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The Flip Side of Emergency Alerting

March 25, 2008

Anyone with a Google Alert for “emergency alerting” (yeah, okay, so I’m the only one), knows that just about every day, a new press release pops into their inbox extolling the foresight and overwhelming concern at some university for the student body with the introduction of some new community alerting system. Following the Virginia Tech incident, it seems that every university is investing tons and tons of money to let their campus know about a potential threat.

Now, I’m all for keeping people in the loop, and think that robust communication systems should exist in all facets of our lives, but wonder how thoroughly these systems have been thought through.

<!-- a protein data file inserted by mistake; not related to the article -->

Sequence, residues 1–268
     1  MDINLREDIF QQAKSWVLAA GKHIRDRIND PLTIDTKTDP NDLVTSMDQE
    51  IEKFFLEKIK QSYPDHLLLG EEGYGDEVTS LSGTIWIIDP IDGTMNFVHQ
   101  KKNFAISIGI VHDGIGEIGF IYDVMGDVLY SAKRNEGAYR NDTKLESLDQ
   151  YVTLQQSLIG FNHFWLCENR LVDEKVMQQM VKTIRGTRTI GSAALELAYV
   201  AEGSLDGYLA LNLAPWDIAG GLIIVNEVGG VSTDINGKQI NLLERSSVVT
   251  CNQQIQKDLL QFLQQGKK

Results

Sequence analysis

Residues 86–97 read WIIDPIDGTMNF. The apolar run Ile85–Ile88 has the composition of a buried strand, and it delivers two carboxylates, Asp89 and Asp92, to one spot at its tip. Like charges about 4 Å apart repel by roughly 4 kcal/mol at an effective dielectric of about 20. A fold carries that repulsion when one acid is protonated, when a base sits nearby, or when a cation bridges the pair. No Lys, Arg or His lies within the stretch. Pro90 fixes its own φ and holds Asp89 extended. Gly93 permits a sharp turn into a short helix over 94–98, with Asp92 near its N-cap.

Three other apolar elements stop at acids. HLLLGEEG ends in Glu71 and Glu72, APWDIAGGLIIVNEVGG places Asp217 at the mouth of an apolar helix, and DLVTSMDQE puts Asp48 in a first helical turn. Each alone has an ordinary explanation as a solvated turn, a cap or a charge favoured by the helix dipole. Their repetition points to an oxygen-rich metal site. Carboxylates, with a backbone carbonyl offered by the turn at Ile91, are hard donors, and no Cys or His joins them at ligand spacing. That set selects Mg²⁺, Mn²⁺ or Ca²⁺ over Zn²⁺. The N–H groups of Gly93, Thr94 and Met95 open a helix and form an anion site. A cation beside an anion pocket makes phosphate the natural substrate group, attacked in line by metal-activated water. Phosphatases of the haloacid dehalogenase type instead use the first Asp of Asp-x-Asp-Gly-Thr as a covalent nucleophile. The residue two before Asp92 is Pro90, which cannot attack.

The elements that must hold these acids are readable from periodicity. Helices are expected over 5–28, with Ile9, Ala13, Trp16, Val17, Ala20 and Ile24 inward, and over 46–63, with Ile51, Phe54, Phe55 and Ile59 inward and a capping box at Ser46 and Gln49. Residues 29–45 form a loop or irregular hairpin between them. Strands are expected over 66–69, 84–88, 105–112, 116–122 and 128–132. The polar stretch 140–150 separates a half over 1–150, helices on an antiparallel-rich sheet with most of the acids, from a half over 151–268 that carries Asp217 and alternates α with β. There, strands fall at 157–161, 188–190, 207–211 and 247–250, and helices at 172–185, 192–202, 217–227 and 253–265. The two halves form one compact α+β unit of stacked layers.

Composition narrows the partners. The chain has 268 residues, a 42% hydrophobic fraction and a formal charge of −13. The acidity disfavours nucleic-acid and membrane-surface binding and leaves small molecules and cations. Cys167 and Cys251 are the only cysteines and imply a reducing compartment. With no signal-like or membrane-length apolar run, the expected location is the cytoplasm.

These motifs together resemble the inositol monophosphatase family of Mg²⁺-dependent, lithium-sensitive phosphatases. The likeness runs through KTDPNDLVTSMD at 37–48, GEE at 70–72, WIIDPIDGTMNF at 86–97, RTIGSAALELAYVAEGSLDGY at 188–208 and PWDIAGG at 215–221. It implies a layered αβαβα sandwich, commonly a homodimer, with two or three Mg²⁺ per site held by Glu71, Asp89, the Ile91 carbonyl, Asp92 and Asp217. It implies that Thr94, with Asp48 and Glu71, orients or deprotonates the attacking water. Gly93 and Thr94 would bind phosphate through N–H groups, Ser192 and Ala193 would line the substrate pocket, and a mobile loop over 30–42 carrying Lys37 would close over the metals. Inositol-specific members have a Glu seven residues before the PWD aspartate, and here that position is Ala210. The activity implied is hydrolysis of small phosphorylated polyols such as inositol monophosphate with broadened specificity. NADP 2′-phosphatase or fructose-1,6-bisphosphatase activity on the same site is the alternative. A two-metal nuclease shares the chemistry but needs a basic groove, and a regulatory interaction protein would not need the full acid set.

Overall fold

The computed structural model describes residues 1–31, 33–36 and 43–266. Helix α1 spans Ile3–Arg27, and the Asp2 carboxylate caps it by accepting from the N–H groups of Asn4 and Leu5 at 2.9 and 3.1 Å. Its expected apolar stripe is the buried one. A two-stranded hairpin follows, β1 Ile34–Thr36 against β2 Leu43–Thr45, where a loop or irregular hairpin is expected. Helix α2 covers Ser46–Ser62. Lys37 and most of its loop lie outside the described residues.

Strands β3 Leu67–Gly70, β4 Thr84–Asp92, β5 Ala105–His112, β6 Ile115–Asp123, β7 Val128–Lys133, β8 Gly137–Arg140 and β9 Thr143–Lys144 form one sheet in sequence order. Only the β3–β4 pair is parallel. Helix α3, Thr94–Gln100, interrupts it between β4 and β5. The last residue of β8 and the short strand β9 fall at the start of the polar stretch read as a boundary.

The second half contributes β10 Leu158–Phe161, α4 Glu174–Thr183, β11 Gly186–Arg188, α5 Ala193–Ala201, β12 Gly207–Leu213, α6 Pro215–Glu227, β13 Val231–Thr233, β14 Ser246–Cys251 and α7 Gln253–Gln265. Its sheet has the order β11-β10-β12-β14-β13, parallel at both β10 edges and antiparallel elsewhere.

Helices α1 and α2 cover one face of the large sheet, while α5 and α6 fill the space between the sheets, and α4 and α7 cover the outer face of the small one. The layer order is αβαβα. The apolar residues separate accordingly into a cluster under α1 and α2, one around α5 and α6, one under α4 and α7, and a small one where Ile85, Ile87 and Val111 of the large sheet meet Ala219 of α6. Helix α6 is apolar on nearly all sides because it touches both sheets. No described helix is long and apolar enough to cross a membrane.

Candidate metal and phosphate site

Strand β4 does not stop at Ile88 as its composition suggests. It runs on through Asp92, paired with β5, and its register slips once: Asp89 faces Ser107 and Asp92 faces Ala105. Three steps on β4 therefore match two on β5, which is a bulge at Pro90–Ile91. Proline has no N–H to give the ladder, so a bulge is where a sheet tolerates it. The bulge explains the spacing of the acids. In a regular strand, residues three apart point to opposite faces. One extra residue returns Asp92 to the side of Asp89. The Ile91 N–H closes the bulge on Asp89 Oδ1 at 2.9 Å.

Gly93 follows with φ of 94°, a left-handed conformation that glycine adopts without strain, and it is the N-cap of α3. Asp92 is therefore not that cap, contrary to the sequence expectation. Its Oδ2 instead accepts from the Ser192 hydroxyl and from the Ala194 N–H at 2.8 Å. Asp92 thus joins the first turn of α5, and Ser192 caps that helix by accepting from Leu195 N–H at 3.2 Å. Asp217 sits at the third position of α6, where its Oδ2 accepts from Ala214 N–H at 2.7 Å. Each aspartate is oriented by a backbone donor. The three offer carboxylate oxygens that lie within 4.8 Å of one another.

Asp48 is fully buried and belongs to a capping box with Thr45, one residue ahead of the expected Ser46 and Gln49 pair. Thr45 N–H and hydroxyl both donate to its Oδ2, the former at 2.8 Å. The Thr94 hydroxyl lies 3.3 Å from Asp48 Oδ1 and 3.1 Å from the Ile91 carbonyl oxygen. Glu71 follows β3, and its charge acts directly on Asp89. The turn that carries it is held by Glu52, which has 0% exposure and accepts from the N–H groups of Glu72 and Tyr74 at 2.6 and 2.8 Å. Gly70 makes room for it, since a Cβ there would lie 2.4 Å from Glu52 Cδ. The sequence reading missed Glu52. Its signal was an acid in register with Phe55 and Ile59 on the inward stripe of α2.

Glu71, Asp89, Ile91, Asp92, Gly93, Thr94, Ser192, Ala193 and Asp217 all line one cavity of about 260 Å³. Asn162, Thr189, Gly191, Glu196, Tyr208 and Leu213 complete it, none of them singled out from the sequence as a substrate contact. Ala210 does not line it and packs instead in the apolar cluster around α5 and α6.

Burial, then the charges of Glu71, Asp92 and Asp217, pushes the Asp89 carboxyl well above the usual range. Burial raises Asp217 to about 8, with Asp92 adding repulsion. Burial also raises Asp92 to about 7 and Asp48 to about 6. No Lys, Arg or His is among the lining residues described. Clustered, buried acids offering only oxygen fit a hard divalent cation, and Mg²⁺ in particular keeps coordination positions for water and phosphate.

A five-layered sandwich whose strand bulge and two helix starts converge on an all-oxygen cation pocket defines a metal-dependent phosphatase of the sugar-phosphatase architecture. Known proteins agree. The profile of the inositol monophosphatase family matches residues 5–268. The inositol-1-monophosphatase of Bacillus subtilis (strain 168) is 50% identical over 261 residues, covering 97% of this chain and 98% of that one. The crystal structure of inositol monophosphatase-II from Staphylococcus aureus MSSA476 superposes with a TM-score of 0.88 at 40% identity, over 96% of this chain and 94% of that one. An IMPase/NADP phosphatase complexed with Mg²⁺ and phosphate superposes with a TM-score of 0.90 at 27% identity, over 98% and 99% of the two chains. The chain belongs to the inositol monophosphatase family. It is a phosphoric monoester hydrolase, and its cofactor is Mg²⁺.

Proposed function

For example, a couple of weeks ago, there was an outcry against the non-use of the “WolfAlert” system in place at North Carolina State University. An article in the local news section of WRAL – Raleigh described the situation:

Two students told police they were near 2110 Avent Ferry Road at about 9 p.m. Monday when a man wearing a mask and armed with a knife robbed them. A graduate student was leaving a building on the Centennial Campus on Tuesday afternoon when two men armed with a handgun demanded his wallet.

Now, I grew up and went to school in a major East Coast city, so a couple of stick-ups is just life, as far as I’m concerned. But down south, in a bucolic setting like NC State, especially after Virginia Tech and Northern Illinois, folks can be a bit jittery. According to the article:

“I think an armed robber on campus should merit a text message,” [N.C. State student David] Orr said. That was the opinion of every student WRAL spoke with Wednesday.

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